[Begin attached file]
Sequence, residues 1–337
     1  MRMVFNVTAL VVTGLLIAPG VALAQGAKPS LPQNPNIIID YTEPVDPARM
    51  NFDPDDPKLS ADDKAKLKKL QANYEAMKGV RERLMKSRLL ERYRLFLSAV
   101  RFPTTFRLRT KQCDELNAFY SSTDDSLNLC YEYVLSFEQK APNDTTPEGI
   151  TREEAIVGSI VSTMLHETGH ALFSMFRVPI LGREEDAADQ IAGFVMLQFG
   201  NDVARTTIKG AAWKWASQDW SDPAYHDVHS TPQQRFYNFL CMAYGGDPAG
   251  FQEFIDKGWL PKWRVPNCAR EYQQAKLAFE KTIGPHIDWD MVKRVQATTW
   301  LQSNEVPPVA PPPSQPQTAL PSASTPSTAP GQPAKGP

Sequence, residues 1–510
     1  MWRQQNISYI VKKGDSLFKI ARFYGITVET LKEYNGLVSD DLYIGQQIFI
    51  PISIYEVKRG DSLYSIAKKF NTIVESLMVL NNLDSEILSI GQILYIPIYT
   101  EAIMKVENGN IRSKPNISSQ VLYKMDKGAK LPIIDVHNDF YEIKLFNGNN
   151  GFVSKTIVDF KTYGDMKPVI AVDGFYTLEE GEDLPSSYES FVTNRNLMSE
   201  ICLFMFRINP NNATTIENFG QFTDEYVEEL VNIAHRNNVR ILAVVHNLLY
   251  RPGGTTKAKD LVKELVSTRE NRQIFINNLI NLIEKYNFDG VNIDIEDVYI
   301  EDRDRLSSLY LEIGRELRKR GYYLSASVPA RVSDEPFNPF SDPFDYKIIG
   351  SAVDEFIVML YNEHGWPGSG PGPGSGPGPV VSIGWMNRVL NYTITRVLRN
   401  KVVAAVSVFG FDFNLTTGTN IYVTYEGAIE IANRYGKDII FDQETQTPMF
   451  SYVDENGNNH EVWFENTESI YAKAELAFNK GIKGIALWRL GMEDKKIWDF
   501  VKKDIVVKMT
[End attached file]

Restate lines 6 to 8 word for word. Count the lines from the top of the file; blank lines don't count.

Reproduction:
   201  NDVARTTIKG AAWKWASQDW SDPAYHDVHS TPQQRFYNFL CMAYGGDPAG
   251  FQEFIDKGWL PKWRVPNCAR EYQQAKLAFE KTIGPHIDWD MVKRVQATTW
   301  LQSNEVPPVA PPPSQPQTAL PSASTPSTAP GQPAKGP